New OECD Policy Paper on Smart Cities and Inclusive Growth

22.05.2020
By Marketplace Editorial
Industry news

The COVID-19 crisis is redefining the ways in which cities can leverage digitalisation to protect their residents and businesses. At a time of physical distancing, digital technologies are playing an increasingly critical role in relaying real-time life-saving information, ensuring the continuity of key public services and bridging social isolation. Smart city tools and applications can offer a powerful tool to support the shift from in-person to remote service delivery, mitigate the fallout of the crisis and empower new forms of local governance.

Over the past two decades, “smart city” initiatives proliferated around the globe as a way to build more efficient and liveable urban environments. While the smart city concept was initially supply-side driven, with the private sector taking the lead in defining both the problem and the solution, greater attention has been paid to the need to spread the benefits of smart cities across all segments of society. Time has come to take stock of smart city experimentations. Are smart cities just a buzzword, or do they really deliver better opportunities and well-being for all residents?

The policy paper on Smart Cities and Inclusive Growth highlights five takeaways:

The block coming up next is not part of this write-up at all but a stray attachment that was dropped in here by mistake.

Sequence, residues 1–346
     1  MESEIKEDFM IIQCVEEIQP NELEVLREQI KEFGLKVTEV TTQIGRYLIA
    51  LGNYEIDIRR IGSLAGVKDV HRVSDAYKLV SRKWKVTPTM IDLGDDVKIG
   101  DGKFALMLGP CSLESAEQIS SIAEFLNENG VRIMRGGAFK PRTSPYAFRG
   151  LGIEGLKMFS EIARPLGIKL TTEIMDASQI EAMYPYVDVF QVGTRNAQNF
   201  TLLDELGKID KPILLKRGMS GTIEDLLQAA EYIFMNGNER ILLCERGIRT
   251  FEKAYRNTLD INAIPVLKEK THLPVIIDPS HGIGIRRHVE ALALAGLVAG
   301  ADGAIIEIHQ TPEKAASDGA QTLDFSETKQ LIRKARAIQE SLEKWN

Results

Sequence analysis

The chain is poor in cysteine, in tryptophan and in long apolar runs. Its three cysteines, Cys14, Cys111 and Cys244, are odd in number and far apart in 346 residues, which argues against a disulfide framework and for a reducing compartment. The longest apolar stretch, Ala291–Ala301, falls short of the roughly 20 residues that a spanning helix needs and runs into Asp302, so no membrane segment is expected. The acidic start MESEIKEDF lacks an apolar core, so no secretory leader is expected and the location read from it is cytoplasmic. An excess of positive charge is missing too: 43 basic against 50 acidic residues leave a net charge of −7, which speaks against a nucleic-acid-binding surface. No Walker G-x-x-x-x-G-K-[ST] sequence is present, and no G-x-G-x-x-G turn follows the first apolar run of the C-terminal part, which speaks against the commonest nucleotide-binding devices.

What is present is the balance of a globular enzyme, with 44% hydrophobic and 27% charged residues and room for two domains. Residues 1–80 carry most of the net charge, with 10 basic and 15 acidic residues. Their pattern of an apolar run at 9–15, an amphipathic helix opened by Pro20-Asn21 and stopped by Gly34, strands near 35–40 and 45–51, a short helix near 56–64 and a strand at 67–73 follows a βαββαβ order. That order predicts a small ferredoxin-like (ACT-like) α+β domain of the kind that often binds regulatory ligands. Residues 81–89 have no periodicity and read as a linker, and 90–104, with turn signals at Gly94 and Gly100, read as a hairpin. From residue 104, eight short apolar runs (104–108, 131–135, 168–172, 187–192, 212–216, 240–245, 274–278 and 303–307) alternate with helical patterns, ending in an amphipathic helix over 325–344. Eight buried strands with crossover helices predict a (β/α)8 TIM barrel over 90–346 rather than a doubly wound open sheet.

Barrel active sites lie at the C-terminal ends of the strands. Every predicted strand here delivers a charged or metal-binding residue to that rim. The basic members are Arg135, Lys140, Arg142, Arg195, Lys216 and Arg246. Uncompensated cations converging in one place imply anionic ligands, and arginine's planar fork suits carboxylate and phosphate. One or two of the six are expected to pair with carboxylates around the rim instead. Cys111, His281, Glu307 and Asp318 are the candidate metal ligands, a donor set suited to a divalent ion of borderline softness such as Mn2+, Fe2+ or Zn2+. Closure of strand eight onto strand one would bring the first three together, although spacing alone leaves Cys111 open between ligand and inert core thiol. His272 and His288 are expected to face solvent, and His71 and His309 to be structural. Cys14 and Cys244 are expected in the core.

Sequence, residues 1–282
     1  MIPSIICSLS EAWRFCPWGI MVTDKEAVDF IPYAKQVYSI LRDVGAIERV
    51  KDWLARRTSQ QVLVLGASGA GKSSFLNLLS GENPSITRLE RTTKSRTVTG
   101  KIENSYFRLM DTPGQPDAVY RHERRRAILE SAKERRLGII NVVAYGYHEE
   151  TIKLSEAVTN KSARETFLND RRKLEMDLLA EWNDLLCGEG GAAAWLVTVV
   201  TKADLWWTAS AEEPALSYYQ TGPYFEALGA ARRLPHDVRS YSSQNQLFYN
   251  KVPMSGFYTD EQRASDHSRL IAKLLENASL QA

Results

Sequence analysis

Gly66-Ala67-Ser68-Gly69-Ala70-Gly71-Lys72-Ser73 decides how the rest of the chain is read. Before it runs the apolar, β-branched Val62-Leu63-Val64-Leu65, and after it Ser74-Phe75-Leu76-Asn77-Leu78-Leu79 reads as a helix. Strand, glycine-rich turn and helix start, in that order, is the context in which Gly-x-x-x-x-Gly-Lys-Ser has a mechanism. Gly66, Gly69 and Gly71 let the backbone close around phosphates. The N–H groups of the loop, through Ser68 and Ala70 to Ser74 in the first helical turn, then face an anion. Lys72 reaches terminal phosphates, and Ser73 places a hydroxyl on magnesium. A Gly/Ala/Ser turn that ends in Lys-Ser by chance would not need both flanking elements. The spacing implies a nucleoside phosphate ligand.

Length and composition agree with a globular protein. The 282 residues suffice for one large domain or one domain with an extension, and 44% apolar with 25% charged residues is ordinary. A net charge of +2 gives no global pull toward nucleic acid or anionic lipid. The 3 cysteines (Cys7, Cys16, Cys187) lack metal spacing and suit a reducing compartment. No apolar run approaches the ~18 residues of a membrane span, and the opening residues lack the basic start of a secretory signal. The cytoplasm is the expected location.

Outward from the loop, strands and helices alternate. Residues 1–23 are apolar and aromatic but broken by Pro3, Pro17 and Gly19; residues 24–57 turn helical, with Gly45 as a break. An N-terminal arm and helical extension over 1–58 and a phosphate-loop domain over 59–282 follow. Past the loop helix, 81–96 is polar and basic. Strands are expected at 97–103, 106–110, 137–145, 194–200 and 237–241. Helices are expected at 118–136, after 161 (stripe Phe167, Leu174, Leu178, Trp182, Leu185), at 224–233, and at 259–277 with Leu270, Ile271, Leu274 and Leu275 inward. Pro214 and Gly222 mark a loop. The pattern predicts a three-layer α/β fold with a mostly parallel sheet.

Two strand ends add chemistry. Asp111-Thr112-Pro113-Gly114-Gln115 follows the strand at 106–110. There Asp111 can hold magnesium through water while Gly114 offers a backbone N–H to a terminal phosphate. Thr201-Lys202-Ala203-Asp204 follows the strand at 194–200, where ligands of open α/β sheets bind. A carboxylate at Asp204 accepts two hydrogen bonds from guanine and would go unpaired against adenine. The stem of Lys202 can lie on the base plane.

•  Smart city policies need to be designed, implemented and monitored as a means to improve people’s well-being.
  • Building smart cities is not only the responsibility of cities or the private sector. National governments can and should play an enabling role to support the delivery of innovative solutions, capacity building and upscaling.
  • Measuring smart city performance is a complex but essential task. A flexible framework could help assess key dimensions of efficiency, sustainability and inclusiveness.
  • Smart cities also need smart governance. Regulatory models need to adapt to rapidly changing urban environments, for example by re-regulating rather than simply de-regulating, and leveraging public procurement.
  • The active engagement of citizens and other stakeholders throughout the policy cycle is critical for the success of smart city initiatives.

Going forward, the OECD Programme on Smart Cities and Inclusive Growth will continue to assist local and national policy makers with data, best practices and policy recommendations to shape a healthier and brighter future for all- especially to tackle and rebound from the COVID-19 crisis.

For more information on the OECD Programme on Smart Cities and Inclusive Growth, visit our web page or send an email to smart.cities@oecd.org.

Source: OECD